Stopped by the bank on my way home to request all my funds only leaving enough for direct withdrawals like insurance. I overheard the couple in front of me, eastern European, requesting hundreds of thousands as well. Just between two clients, close to 1/2 a mil.

    Now that Canadians have seen how quickly the banks rolled over for Trudeau and instantly froze accounts (that were just suspected of donating to the protests, didnt even have to be proven) at his request. They have totally lost faith in the whole system.

    Trudeau Robbing The Truckers – Freezes Bank Accounts | Bank Run CANADA
    308 views Feb 15, 2022

    Like I said, the unwind is not going to be pretty, governments are not reasonable, they are criminal operations pretending to be your friend. This latest “unintended consequence” by the heavy hand of government is typical – they can and will seize bank accounts under emergency powers acts – laws that they wrote – emergencies that they have created.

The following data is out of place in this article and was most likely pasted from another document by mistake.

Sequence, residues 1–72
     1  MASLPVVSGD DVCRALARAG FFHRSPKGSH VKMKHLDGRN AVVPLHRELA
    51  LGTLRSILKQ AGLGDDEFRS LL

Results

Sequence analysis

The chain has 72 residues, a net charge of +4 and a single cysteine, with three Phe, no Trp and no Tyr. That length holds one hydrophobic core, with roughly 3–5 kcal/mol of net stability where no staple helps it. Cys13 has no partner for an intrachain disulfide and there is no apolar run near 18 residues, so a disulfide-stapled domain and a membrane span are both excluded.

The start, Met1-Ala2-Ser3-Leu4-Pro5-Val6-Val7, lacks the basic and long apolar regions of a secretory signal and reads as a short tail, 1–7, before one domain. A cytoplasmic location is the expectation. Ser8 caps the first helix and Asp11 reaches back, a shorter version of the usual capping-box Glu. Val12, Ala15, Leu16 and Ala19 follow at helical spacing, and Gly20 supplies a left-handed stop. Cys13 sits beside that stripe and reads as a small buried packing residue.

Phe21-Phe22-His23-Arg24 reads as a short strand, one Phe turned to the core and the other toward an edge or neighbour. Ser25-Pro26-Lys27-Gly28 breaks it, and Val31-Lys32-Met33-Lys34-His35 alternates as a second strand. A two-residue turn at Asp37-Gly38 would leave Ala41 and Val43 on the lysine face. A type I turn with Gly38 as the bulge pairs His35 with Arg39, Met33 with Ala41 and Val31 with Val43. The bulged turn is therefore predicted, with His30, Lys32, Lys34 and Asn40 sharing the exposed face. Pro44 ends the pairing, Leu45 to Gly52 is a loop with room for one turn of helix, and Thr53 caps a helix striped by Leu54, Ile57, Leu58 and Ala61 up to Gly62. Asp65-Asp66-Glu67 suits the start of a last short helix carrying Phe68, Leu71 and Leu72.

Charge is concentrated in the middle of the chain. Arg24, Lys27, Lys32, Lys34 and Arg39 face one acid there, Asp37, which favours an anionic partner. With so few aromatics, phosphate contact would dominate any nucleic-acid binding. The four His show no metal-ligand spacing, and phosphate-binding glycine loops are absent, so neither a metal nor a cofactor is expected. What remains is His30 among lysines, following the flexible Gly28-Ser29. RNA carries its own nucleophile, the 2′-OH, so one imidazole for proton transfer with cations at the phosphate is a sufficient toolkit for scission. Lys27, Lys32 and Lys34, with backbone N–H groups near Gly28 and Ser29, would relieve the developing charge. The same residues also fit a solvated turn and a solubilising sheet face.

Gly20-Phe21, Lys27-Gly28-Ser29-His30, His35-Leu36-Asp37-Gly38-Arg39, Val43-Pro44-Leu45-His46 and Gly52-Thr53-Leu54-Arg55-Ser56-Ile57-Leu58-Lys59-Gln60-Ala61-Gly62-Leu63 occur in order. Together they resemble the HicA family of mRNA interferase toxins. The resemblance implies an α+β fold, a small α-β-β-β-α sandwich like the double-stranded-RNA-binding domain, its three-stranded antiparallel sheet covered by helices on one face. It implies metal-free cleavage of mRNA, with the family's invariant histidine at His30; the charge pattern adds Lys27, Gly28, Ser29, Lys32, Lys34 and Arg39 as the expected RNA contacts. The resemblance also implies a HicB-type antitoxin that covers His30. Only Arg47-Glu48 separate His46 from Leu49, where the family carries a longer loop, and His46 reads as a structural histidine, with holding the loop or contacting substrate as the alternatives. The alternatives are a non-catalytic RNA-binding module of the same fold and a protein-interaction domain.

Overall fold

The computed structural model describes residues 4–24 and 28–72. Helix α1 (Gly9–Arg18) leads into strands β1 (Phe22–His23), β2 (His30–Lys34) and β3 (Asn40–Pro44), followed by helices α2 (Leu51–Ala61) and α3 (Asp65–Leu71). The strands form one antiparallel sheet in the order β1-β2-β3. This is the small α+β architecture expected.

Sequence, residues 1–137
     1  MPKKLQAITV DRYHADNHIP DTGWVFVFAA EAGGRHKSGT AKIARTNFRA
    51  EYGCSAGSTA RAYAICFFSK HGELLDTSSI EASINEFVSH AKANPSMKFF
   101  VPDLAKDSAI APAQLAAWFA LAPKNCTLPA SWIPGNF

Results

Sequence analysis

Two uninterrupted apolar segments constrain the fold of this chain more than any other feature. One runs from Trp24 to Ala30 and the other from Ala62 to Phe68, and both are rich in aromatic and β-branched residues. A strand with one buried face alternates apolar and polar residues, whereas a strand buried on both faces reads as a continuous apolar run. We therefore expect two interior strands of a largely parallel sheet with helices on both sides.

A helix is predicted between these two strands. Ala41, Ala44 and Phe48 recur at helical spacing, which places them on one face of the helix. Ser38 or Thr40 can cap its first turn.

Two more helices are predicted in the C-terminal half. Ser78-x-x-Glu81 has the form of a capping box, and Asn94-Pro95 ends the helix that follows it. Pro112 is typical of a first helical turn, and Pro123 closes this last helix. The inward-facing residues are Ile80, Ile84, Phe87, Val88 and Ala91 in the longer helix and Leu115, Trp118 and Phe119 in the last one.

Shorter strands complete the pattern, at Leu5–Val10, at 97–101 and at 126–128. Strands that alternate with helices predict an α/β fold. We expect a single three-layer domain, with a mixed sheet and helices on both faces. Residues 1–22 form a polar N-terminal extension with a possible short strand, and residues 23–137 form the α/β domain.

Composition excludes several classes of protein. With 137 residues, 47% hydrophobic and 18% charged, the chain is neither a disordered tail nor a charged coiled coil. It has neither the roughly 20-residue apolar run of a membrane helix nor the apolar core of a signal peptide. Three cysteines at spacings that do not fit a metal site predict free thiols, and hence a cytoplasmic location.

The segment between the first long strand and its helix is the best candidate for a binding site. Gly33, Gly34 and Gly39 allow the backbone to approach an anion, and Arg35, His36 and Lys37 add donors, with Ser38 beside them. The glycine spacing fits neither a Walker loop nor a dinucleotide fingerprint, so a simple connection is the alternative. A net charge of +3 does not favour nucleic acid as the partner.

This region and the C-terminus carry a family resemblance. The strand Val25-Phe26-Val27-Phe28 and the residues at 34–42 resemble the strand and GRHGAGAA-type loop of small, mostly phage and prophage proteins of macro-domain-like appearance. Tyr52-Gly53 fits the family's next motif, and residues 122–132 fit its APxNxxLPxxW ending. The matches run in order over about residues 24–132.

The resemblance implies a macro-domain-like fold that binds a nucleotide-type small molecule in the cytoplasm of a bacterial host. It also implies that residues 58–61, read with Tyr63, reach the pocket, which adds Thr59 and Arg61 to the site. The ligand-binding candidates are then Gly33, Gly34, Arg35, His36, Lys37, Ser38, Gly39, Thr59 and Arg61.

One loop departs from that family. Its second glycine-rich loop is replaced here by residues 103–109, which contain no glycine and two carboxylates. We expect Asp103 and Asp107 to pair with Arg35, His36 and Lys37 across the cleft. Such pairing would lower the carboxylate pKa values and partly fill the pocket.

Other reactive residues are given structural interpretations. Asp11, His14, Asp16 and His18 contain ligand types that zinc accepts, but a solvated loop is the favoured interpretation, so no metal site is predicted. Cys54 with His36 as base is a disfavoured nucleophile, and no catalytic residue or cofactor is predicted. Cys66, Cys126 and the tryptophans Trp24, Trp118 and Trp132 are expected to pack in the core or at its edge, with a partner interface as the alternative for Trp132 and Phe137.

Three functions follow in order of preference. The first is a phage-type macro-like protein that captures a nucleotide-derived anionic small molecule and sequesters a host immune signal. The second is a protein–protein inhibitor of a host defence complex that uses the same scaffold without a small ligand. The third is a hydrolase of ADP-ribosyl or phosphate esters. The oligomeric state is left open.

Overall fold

When people hoard cash – withdraw from banks – that is a giant step toward a depression.

    • Replies: @Truth Vigilante
  93. Franz says:

    Debt must be repaid…

    …By people who contracted it.

    I don’t know anyone who asked for half the economic refugees in the world to be dumped here. And productive Americans are supporting them (for life?) while elites ask for more.

    When the wall came down and the Soviet Union packed it in, everyone wanted the troops to come home the bases shut and the warships mothballed. Instead all of it was cranked up.

    American debt is called odious debt which should NOT be repaid. We have an alien regime spending itself into the stratosphere. Ordinary Americans are not responsible for one penny of it.